Different types of filters can be used to convey various tones or moods as well. A diffusion filter can be used to soften edges on images, giving a romantic tone. A polarizer can make colour saturation appear deeper, and coloured filters used with black and white film can make overcast skies look quite sinister. There are many different filters on the market ranging from magnifying to every colour of the rainbow. There is even one that has a rainbow on it so you can add a rainbow to your landscapes!
Technical skill is certainly important, and as more and more sophisticated equipment becomes available on the market it will continue to be an important part of photography. But infusing your photographs with emotion will make your photographs all the more distinctive and you'll be able to take greater pride knowing that you captured that elusive shot, that special photograph which no one else has.
A word about technology and photography
Today, technology helps us out because it has brought photography to the people, but it is wrong to think that now that you have a sophisticated digital camera then you have become a photographer. A computer is a tool, nothing more, nothing less. A camera is a tool. A darkroom is a tool, nothing more, nothing less. A paintbrush is an artistic tool. A pencil is one, too. A computer will not turn the average person into an artist any more than any of the other tools will do so. It's the mind behind the tool that creates art, not the tool. Those who think they will make an artistic breakthrough by approaching photography through digital methods, are in for a tremendous surprise. It would be like thinking that by going to a pen you'll become a better writer than you have been through the use of a pencil.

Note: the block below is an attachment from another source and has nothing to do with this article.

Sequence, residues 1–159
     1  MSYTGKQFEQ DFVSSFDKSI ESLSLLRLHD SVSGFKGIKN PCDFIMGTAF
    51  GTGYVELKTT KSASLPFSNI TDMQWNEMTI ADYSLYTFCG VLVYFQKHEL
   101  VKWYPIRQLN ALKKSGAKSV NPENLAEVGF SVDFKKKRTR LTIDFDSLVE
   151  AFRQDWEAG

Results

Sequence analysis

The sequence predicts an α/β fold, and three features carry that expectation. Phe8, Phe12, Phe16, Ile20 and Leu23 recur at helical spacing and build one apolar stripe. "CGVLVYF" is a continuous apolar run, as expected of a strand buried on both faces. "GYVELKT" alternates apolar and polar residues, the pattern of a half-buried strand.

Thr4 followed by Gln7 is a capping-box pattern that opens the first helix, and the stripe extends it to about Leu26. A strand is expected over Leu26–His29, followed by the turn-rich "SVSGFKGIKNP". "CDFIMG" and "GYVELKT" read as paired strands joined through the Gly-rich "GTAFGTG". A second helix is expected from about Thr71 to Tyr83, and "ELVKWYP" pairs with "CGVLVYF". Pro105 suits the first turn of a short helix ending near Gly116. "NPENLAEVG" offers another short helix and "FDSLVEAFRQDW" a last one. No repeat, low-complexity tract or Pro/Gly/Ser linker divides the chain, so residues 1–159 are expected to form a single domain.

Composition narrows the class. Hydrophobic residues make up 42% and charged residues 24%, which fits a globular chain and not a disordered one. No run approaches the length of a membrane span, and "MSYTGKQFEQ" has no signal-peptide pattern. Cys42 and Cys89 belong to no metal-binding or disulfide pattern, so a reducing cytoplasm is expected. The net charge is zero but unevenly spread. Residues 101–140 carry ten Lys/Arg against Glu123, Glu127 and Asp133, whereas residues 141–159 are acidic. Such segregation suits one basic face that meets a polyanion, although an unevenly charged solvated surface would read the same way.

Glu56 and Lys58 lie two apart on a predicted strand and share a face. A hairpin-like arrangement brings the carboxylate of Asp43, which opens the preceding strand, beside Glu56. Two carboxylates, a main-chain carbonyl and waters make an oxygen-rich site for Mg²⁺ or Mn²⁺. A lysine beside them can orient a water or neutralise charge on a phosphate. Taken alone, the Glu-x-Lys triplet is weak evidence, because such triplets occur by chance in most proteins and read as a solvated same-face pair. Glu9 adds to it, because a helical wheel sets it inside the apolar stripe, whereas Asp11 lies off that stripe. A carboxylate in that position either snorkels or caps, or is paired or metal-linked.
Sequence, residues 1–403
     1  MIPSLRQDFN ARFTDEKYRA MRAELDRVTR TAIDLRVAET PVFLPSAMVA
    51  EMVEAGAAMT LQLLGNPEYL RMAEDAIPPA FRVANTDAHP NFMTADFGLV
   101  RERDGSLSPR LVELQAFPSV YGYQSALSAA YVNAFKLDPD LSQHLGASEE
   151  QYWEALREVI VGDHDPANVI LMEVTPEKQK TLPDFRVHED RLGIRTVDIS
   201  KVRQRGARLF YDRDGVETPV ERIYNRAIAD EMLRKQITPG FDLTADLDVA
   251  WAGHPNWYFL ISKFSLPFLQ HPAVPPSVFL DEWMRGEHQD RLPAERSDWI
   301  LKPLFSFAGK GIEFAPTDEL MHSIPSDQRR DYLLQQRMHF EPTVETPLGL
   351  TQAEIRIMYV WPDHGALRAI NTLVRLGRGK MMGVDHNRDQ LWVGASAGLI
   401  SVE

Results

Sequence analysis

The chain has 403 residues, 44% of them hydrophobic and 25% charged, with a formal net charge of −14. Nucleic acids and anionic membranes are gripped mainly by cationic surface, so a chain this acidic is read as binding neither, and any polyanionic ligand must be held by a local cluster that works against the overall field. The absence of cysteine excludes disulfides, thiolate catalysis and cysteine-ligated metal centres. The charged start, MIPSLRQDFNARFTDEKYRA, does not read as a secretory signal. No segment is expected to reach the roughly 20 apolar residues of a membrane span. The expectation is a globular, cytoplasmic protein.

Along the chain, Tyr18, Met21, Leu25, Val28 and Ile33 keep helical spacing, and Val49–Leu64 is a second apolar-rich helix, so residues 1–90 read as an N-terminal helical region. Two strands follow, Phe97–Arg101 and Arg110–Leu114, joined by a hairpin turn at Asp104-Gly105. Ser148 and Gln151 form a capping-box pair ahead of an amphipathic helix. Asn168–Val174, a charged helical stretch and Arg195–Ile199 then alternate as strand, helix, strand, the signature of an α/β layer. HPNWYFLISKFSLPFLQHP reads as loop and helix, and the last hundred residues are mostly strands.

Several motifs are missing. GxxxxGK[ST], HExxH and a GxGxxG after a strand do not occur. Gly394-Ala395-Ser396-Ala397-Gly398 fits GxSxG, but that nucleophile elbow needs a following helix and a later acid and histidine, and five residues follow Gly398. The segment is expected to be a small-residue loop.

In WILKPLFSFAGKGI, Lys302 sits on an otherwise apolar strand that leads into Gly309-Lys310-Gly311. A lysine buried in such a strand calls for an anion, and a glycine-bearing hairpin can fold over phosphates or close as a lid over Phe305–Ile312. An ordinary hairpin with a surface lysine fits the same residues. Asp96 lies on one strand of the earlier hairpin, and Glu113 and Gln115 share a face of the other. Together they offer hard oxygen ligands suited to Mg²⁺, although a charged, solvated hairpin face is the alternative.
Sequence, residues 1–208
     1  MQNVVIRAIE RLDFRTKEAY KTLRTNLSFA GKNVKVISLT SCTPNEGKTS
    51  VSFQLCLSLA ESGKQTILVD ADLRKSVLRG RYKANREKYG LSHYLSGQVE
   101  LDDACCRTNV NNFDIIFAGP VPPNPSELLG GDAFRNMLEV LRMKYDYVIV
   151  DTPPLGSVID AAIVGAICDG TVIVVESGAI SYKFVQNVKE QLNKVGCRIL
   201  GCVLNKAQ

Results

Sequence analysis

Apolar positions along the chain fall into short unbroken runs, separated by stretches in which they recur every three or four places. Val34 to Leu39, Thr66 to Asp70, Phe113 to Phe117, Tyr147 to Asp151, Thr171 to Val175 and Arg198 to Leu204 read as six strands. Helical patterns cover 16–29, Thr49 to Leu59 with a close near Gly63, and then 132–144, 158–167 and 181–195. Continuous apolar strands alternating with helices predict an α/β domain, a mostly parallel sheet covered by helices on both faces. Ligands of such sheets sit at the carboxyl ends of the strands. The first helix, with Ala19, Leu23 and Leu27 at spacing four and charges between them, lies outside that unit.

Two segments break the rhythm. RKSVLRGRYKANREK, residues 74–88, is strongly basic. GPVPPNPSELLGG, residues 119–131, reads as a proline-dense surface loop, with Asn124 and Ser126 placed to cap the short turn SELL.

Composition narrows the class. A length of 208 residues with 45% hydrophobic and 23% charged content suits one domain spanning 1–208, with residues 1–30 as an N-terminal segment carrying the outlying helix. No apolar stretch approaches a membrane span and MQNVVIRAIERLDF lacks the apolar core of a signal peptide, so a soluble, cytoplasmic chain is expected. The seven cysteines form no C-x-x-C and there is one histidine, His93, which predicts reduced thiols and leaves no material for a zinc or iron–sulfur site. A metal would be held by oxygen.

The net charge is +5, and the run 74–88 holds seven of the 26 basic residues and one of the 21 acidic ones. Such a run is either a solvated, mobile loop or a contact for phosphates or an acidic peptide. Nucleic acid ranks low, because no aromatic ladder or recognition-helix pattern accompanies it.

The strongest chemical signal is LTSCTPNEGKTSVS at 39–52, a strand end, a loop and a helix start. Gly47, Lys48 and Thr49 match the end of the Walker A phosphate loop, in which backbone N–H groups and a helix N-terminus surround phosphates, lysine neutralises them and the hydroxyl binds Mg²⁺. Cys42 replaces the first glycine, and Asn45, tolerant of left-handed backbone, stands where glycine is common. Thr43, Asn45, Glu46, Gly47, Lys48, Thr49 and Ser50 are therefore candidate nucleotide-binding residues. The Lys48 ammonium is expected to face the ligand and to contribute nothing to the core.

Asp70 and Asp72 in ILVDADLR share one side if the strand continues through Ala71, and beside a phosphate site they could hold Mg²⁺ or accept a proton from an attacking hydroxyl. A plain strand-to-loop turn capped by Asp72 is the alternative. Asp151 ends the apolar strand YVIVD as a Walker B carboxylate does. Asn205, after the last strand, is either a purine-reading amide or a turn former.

Another cliche is that now art is more available because it has become more convenient. That's fine if it keeps you in photography, but it should be noted that none of the great work in photography was done when it was 'convenient.' It was done by people who were committed to self expression, by people who put other things aside to do photography because it was so important to them. This is a fact and I am pointing this out because this convenience attitude is a great atmosphere- or mood-killer. Work will be produced in times of convenience, but it won't be outstanding work. The people who will do great digital work will be as artistically visionary and as committed to it as the great photographers of the past and present who have been committed to their work. People doing it on a 'convenience' basis will not produce much of lasting value. None of this should be surprising. Great work in any field-artistic, scientific, business, etc - is always done by people who are driven, are committed, are enthusiastic, and are totally involved. Einstein did not create his revolutionary theories in times of convenience. Picasso did not create his great paintings when it was convenient. They - and all others who have been creative - put everything else aside to do their great work, and their lives were fully devoted to these endeavours. But how many who are doing photography have the illusions that you (or me) are in the league with Ansel Adams or Edward Weston, or any of the other 'greats' in the history of photography? Probably very few of us. So what's wrong with doing work when it's convenient? Nothing! In fact I would have to concede immediately that if it does, indeed, keep you in the game, in your hobby, in your passion, and it allows you to proceed with your passion when you have the time to do it, then go for it! If digital allows you to proceed with your photography when you have the chance in your busy life (and all of our lives seem busier than we would like them to be) then digital may be the answer. I'm simply saying that if you aspire to be an Adams or a Weston, don't expect digital convenience to get you there.